How can the average American use this benchmark to eat more sustainably? Every time you eat out or go to the grocery store, just ask this simple question: did I eat more than a quarter pound of beef in the last week? If the answer is yes, consider going with the chicken, pork, or veggie option. If the answer is no, then it’s fine to eat that burger, though it’s still better for the environment and human health to seek alternatives (Try it yourself! Keep track using the “Less” app, which allows you to easily log each meal you eat containing beef). Demand that your company, college, or other institution keep track of its beef consumption and stay as far below the quarter-pound per person benchmark as possible.

Failure to lower our beef consumption means leaving low-hanging fruit (burger?) on the table. Let’s stay below one burger per week. Our bodies and the environment will thank us for it.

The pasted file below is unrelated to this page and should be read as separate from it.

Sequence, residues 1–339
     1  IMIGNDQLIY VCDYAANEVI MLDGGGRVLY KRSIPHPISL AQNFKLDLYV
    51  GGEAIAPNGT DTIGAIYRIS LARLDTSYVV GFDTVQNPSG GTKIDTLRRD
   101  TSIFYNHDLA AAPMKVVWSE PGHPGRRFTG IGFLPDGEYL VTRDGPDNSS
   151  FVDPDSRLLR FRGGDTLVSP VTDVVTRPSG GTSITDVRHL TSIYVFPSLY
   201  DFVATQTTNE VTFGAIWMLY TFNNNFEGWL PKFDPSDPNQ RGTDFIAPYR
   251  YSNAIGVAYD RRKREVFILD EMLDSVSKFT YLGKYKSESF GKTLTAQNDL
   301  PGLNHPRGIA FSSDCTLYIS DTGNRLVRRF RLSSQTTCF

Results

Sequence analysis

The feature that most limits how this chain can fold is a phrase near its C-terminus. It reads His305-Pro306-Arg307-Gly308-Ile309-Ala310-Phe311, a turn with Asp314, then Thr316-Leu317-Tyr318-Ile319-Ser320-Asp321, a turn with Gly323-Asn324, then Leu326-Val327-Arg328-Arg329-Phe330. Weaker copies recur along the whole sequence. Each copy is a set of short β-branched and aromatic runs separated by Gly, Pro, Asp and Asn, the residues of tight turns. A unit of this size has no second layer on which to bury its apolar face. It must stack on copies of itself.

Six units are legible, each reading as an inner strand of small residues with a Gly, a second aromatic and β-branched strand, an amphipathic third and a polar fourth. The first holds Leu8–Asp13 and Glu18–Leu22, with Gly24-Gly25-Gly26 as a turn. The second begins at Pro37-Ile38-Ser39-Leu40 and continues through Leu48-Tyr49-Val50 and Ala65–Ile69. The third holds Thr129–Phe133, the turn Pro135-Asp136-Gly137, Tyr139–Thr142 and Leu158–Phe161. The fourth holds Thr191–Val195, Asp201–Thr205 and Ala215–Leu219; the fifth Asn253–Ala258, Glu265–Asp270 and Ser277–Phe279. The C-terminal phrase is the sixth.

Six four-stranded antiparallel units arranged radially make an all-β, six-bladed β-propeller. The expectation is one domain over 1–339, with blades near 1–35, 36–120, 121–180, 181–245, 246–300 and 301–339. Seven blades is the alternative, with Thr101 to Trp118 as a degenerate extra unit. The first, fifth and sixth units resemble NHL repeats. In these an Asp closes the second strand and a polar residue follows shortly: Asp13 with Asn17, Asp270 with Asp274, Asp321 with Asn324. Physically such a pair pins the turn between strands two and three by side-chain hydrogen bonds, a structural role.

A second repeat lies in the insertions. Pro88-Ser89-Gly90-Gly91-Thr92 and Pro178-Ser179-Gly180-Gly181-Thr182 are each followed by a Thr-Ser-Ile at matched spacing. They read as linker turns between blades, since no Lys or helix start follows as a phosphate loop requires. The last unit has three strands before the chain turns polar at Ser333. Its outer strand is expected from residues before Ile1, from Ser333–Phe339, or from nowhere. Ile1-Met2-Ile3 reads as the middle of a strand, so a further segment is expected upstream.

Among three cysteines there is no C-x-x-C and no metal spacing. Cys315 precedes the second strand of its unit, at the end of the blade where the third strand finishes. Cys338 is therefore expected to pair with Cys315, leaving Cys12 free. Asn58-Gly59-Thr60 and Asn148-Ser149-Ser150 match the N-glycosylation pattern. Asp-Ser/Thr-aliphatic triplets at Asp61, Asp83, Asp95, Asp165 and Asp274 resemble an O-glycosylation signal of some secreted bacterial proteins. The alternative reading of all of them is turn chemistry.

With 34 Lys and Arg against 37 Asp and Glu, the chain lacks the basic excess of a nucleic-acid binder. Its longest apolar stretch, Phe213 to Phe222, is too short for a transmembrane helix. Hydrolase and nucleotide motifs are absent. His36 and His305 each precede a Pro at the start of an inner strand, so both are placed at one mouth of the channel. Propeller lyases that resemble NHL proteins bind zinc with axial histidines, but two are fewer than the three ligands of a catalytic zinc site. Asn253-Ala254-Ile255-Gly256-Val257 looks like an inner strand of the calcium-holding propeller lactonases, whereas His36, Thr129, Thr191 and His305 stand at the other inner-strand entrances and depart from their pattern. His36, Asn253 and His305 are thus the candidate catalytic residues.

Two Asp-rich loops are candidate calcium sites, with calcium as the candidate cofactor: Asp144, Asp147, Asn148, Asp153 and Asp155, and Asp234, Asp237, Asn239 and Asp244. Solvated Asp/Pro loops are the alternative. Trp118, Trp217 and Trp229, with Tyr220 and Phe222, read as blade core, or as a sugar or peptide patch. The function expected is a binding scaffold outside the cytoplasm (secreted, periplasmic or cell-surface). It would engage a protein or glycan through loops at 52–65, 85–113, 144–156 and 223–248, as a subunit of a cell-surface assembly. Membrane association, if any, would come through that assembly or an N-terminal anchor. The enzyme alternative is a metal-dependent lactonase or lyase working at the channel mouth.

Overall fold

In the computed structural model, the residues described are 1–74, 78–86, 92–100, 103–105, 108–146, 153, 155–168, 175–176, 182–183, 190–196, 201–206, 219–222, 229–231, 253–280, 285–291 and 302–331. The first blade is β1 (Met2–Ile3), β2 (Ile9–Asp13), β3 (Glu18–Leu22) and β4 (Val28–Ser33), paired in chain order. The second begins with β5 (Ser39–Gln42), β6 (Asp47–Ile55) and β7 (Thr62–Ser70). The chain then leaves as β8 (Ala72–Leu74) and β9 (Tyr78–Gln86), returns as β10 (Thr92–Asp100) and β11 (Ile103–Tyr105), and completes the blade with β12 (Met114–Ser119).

Matthew Lichtash

Matthew Lichtash

Matt Lichtash is an environmental consultant, blogger, and communicator. Through his work, Matt seeks to promote common ground on issues that can reduce environmental pollution. Matt also created thecarboncapital.org, a website that condenses the findings of important environmental research into brief and easy-to-understand posts.
Matthew Lichtash
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Matt Lichtash is an environmental consultant, blogger, and communicator. Through his work, Matt seeks to promote common ground on issues that can reduce environmental pollution. Matt also created thecarboncapital.org, a website that condenses the findings of important environmental research into brief and easy-to-understand posts.

11 Comments

  1. …In fact, the above study shows that global adoption of vegetarian and vegan diets would save nearly one million additional lives annually …

    Tell that to an inuit on traditional food …

    • Kat says

      such an obtuse response. An Inuit on traditional food also does not generate the same carbon emission footprint from agriculture, or excess use of energy. Fish and seals do not fart methane like cows do.

      • “carbon emission fotprint” – Are you relating to something that’s one of the most important things for most life to exist on Earth? The frase itself is plain bs …

    • Santoculto says

      ”Traditional” always sound insipid bloody.

      They are a minority of people.